Statistics for Making the Case

  • The typical productivity cost of an employee leaving is 85% of their base salary due to their replacement's mistakes, lost knowledge and lost skills ( Beazley et al, 2002). (Yelden, 2004)
  • Related to this is the concept of knowledge half-life, from which it is found that knowledge reaches obsolescence, on average, in 500 days, but can be much quicker in some areas.  This lost knowledge obviously has a cost.  It has been estimated that $115 billion sits idle in lost knowledge affiliated with production technologies. An astounding example of this is the loss of the original computer source code, written in the 1950's, that spawned the Y2K software crisis, has cost businesses worldwide an estimated $1 trillion (Petch, 1998)." (Yelden, 2004)
  • Most tacit knowledge is an invisible line item in corporate budgets. However, it is tacit knowledge that plays a key role in leveraging the overall quality of knowledge (Wah, 1999
  • Companies like IBM and Xerox Corporation transform databases and information into useable formats that are readily shared and accessed. These databases are also used to create new knowledge. To illustrate, IBM consultants who used knowledge sharing cut proposal-writing time from an average of 200 hours to 30 hours (http://www.uky.edu/~gmswan3/575/KM_roles.pdf )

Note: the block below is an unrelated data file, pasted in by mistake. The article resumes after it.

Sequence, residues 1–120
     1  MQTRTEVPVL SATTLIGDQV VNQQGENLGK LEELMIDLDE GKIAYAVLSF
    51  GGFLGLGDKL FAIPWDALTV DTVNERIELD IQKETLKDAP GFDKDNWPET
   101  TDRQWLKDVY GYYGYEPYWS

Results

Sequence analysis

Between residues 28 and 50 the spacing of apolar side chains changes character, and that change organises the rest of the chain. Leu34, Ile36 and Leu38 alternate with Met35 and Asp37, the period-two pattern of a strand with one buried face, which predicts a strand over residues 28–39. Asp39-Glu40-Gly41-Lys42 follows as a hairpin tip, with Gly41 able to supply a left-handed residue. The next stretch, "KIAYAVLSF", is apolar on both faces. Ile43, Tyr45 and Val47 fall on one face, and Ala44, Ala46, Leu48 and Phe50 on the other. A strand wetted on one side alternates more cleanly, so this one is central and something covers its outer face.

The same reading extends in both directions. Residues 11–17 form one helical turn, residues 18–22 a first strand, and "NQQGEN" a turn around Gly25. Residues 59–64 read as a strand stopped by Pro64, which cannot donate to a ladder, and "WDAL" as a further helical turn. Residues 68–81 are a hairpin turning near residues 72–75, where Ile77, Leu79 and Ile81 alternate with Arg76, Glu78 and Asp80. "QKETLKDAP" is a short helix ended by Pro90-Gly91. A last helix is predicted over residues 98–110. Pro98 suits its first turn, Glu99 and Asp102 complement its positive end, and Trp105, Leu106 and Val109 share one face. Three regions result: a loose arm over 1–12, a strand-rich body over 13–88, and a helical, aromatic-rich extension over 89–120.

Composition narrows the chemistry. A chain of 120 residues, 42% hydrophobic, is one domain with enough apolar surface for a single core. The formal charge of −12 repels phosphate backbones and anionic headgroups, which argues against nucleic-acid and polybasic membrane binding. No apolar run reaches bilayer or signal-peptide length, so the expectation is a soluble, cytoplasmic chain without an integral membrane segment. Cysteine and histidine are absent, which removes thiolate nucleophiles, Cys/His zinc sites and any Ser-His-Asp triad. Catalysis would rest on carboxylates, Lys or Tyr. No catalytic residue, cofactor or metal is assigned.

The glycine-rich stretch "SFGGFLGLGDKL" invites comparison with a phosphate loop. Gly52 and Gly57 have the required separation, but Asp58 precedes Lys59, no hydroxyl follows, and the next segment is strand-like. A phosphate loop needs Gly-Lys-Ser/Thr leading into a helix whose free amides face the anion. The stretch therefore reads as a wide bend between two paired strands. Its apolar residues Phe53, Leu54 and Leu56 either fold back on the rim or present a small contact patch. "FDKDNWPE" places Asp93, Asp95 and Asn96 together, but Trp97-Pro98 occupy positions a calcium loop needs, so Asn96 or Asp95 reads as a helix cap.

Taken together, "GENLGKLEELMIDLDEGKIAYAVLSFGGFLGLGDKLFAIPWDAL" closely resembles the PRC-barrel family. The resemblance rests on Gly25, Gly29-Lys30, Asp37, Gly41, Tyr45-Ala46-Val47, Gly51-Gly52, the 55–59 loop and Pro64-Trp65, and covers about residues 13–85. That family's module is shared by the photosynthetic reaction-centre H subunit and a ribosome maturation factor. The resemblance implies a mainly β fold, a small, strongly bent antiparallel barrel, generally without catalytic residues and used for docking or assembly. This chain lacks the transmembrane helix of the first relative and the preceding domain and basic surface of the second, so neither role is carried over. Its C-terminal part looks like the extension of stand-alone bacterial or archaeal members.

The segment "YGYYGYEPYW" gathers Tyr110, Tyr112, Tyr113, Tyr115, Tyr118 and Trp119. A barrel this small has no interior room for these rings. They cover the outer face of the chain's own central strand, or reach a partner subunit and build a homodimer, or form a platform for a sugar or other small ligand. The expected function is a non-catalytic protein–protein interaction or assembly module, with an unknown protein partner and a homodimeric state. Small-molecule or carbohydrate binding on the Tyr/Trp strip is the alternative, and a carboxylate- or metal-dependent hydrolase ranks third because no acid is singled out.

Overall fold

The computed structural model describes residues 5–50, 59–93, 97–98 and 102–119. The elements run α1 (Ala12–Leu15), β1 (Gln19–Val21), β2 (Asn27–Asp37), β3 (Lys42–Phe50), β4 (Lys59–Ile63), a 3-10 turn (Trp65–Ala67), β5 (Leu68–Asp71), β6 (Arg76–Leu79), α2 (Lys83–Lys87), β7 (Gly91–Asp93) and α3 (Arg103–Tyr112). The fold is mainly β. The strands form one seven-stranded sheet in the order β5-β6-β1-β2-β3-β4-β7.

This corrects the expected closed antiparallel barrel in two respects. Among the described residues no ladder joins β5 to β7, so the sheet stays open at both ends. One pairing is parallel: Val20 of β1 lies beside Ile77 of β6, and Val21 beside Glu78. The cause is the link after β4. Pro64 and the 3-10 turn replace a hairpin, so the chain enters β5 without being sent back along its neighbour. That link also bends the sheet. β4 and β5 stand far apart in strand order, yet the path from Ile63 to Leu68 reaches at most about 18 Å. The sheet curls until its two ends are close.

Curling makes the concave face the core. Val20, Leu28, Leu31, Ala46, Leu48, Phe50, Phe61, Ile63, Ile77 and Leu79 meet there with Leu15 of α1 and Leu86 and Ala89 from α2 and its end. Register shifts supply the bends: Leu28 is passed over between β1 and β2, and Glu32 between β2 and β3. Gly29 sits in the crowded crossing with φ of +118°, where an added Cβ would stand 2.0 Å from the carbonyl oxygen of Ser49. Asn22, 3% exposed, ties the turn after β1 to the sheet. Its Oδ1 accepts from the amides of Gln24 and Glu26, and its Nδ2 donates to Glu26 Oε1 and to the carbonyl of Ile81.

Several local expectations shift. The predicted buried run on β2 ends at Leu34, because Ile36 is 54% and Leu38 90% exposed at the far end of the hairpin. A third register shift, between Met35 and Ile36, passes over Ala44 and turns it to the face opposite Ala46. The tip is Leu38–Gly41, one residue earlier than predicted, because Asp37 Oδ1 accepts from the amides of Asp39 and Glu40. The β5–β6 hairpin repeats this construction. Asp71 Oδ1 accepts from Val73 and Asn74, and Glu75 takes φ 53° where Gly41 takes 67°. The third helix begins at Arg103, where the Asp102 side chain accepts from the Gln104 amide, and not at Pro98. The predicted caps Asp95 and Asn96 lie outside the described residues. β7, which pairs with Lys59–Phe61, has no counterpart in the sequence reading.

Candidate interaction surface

• Research estimates indicate that hiring and training a replacement worker for a lost employee costs approximately 50% of the worker's annual salary (Johnson et al. 2000) - but the costs do not stop there. Each time an employee leaves the firm, we presume that productivity drops due to the learning curve involved in understanding the job and the organization. Furthermore, the loss of intellectual capital adds to this cost, since firms not only lose the human capital and relational capital of the departing employee, but competitors are also potentially gaining these assets.  (cite: Voluntary Turnover: Knowledge Management Friend or Foe Meaghan Stovel, Dr. Nick Bontis with link to  https://www.emeraldinsight.com/doi/full/10.1108/14691930210435633